Not everybody liked a baroque appearance of the major Catholic shrine of Lviv: in the late nineteenth century, when a fashion for neo-Gothic existed, a committee led by Bishop Jan Puzyna decided to restore the building a Gothic appearance. But the initiative of Lviv’s clergy didn’t find any support at the summit, in Vienna. As a result, only presbytery was rebuilt. In 1910 Pope St.Pius X conferred to the cathedral the title of a small basilica.
In those Austro-Hungarian times the cathedral had two ambones: one for the Polish community of the city, and another-for its German-speaking residents. Formally, the masses in German were also to be celebrated in other churches of the city, but all of them avoided somehow this duty (Dominican monks kept for such purposes a German chaplain, who didn’t do anything, Jesuits’ learned diligently German language, but didn’t rule by it, etc.), but the cathedral by it’s status could not allow itself such kind of a course.
The cathedral until now has preserved many old and valuable tombstones. The most valuable among them as far back as in the nineteenth century was considered Krosnovskiy’s tombstone in the chapel of the Most Holy Sacrament, as well as gravestones with the names of the Kampian’s family - in the chapel of their own, Kampian’s name.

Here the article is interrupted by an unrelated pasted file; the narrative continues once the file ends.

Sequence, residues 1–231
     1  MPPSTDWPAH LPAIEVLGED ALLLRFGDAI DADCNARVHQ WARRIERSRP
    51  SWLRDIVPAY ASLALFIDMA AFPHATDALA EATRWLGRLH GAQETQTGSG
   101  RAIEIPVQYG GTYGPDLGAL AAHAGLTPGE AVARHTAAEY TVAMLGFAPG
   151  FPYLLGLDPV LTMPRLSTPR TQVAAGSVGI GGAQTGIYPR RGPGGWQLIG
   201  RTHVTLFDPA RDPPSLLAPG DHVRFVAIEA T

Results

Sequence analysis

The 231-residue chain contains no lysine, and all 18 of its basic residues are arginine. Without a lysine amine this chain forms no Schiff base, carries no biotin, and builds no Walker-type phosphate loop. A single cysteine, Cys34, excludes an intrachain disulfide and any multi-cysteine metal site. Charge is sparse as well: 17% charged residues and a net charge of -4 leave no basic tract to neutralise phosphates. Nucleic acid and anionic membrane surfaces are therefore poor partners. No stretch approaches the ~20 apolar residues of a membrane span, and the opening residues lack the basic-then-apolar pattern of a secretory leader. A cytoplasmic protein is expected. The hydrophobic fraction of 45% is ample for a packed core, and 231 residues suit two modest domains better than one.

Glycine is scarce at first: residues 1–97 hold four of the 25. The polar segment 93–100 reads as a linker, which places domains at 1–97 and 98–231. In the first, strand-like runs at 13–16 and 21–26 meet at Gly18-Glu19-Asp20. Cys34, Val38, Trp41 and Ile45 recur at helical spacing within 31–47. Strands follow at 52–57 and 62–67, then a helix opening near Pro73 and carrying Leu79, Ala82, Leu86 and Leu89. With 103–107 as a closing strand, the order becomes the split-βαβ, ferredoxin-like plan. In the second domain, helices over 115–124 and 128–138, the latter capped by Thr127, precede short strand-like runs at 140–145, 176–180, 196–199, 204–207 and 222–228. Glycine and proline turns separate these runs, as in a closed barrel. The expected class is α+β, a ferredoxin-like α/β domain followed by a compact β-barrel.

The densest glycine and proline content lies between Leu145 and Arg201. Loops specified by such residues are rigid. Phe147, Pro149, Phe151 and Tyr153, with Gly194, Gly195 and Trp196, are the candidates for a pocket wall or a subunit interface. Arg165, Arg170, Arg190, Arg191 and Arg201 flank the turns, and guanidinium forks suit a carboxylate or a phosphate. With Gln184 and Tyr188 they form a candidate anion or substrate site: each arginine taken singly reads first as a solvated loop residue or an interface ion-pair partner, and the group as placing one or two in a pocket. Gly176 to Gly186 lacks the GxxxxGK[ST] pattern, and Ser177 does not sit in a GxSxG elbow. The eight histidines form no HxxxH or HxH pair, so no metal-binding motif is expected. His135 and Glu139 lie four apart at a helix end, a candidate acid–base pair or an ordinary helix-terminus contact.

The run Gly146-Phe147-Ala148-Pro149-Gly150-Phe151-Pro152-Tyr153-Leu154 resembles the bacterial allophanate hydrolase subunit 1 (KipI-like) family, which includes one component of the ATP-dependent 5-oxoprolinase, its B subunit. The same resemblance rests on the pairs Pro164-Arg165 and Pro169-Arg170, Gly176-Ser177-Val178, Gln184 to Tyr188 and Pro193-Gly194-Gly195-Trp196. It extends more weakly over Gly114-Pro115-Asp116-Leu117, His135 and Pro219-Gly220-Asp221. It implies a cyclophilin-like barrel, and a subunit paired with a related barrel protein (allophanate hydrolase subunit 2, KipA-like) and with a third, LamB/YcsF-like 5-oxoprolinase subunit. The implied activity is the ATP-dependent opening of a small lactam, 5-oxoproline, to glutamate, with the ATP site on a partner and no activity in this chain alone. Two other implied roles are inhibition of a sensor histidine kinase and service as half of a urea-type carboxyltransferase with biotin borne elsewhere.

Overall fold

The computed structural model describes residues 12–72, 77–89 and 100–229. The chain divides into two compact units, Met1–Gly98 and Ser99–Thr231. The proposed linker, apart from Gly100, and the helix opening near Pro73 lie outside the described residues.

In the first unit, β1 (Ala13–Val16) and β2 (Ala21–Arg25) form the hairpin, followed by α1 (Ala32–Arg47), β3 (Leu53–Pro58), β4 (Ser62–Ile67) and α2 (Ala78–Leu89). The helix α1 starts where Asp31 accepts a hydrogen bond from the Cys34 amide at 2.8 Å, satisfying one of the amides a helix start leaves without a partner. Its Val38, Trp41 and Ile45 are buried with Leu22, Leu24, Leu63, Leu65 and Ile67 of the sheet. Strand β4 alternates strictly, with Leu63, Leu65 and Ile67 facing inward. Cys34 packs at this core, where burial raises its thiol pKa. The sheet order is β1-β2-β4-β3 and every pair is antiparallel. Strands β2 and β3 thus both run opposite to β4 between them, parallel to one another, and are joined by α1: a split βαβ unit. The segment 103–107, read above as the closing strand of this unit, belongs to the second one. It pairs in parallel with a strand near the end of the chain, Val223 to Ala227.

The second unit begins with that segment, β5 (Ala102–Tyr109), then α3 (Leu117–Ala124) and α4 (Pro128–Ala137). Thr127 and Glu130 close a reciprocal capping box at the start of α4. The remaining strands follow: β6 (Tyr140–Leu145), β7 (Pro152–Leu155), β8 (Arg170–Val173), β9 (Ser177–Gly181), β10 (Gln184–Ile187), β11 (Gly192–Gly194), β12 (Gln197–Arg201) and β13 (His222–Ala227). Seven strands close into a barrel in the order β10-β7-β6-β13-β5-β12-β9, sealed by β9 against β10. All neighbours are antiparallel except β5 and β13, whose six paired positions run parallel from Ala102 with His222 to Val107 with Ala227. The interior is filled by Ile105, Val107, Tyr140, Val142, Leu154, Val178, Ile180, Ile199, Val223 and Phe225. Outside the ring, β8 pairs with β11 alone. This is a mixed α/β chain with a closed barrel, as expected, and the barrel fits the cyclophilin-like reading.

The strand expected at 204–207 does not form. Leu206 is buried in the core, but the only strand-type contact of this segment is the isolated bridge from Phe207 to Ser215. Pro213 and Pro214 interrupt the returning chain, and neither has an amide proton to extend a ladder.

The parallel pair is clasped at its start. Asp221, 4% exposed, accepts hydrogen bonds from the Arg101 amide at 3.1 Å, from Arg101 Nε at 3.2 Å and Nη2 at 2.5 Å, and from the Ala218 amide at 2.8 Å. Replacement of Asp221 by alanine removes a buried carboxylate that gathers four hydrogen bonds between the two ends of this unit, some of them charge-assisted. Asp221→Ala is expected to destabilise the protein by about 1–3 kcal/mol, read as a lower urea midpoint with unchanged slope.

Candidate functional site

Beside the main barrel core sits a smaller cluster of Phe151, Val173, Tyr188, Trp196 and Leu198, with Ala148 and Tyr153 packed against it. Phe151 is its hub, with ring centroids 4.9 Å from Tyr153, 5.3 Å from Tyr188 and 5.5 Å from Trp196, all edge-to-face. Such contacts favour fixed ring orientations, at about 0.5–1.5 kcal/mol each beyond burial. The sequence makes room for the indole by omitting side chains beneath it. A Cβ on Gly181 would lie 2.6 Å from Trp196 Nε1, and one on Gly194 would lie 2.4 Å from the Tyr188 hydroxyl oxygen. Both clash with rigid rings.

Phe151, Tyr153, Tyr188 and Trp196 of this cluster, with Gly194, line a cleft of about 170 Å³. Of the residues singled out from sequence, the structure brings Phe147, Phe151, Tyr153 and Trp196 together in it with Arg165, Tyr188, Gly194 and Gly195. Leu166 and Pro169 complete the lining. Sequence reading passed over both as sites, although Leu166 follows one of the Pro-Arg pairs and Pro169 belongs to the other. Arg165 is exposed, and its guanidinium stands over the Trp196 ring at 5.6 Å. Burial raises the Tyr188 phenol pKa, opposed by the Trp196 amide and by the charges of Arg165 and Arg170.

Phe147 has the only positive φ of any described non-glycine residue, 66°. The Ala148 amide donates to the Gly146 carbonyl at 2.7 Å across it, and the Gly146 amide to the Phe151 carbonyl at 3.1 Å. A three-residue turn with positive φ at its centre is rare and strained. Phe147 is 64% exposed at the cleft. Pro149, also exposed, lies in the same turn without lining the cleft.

The main Catholic cathedral of Lviv has one main (1765-1771 designed by P. Polejowski), two side (lateral) vitaras (1773-1776) and eight chapels. The Renaissance chapel of Kampians’ (the chapel of Scourged Jesus) was built in 1585 at a place of the chapel of Mother of God, by the Strumyliv’s family. The construction was completed in the XVIIth century. The architects were Pawlo Rymlyanyn and Andriy Bremer. The walls of the chapel are masterly decorated with carvings on the Gospel stories. Black marble altar was made by the Dutch artist Henryk Horst (1580-1586). The vault of the chapel was painted in 1774-1775 by S. Stroyinskyy. In 1905 the chapel was thoroughly restored (architect Wladislaw Sadlovski, artist Henryk Kyuhn).
The Chapel of Mother of God and St. Anthony was built in 1770-1780-ies and painted by S. Stroyinskyy. An altar, in rococo style, comes from the 1770-ies.
The Chapel of The Wysznioweckis (Gold or Blessed Gifts) is one of the oldest in the building. It was constructed for the funds of Anna Buchach in 1495, as a chapel of the Blessed Virgin and St. Stanislaw. Its development took place in 1587, at the end of the XVIIth century and in the 1733-1770 (at the expense of the Prince John Vishnevetskiy the last reconstruction of it was).
The Chapel of Merciful Christ and Mother of God of Perpetual Help was built in 1628 at the expense of Peter Milevskiy and later rebuilt in the late baroque style, and in 1904 - in the modern style (architect Sadlovskyy). And at that time the chapel was painted by Lviv’s artist Myron Petsh.